Is Australia’s minimum wage hike a threat to recovery?

‘Some businesses are thriving, but others are still suffering’

Is Australia’s minimum wage hike a threat to recovery?

The move to increase Australia’s minimum wage and modern awards by 2.5% creates “unnecessary risk and increases in overheads” which can end up hurting businesses still reeling from the financial toll of the pandemic, a group of business leaders in NSW said.

While the wage hike benefits the lowest-paid, awards-reliant workers, the increase exceeds both inflation and average wage rises across the economy, according to Business NSW. The organisation called for an increase of 1.6% in what they deemed a “cautious approach given the significant challenges and uncertainty facing business,” said CEO Daniel Hunter.

Read more: HR sector primed for pay rises as job demand outstrips supply

“The challenge with the structure of the Annual Wage Review (AWR) process is that it can’t fully accommodate significant variances in the economy with its one-size-fits-all approach,” Hunter said. “Some businesses are thriving, but others are still suffering. This has been particularly challenging for the Expert Panel at the Fair Work Commission this year, between enabling employees of prospering businesses to see wages rise, without imposing fatal extra costs on struggling businesses.”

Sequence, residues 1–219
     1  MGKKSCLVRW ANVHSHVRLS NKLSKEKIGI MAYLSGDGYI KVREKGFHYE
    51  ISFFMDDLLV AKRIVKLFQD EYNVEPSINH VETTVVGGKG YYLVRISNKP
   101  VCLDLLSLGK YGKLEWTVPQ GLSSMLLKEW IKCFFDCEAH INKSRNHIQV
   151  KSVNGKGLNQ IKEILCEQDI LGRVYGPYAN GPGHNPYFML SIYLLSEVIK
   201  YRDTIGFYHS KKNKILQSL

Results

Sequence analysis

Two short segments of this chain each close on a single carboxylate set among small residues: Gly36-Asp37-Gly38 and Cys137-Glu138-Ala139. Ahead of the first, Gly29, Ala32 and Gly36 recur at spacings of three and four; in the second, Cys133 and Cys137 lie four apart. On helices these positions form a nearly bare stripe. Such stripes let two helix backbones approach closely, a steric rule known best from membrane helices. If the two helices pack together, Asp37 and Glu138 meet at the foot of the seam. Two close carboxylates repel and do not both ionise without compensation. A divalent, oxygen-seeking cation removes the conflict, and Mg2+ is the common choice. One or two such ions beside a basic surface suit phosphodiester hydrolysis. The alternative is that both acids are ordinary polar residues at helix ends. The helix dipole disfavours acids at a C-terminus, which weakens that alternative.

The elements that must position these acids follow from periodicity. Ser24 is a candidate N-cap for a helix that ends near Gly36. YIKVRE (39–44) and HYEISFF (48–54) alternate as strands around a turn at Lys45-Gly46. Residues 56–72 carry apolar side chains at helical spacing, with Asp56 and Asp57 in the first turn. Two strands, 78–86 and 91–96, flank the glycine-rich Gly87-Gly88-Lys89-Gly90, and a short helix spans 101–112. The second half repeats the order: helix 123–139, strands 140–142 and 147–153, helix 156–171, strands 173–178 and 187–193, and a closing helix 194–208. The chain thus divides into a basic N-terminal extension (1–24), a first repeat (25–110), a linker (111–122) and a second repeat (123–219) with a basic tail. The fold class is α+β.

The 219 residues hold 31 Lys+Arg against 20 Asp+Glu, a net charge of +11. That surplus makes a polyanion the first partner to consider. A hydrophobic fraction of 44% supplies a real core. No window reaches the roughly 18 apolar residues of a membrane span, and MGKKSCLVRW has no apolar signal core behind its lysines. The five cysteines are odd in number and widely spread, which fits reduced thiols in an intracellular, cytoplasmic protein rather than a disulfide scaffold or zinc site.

The group’s early estimates suggest the wage hike would cost NSW nearly a billion dollars even in this crucial period of recovery. “Employers are still suffering from the COVID-19 pandemic and the continued closure of the international borders,” Hunter said.

“This pay rise occurs on the same date as the legislated rise of 0.5% to the Superannuation Guarantee. We are concerned that for many affected businesses, this rise will negatively impact unemployment, especially for lower paid and younger workers,” the CEO said. Overall, increasing the cost of labour repeatedly will only set employers back.

Read more: NSW government to slash public sector wage increase

“Businesses in some sectors will face three pay rises in the space of nine months. Wages in the tourism sector increased by 1.75% on 1 Feb, then will increase by 0.5% on 1 July and again by 2.5% on 1 November. Although aggregate employment statistics are presently healthy, repeated cost increases cannot be loaded onto the shoulders of businesses without causing damage,” Hunter said.

“The COVID-19 pandemic is not yet over with community transmission cases still occurring and a vaccine rollout has not been as fast or extensive as is needed across Australia. As a result, key industry sectors continue to be significantly impacted by economic uncertainty, the ongoing closure of international borders and the lack of a clear roadmap for how and when borders will safely reopen.”

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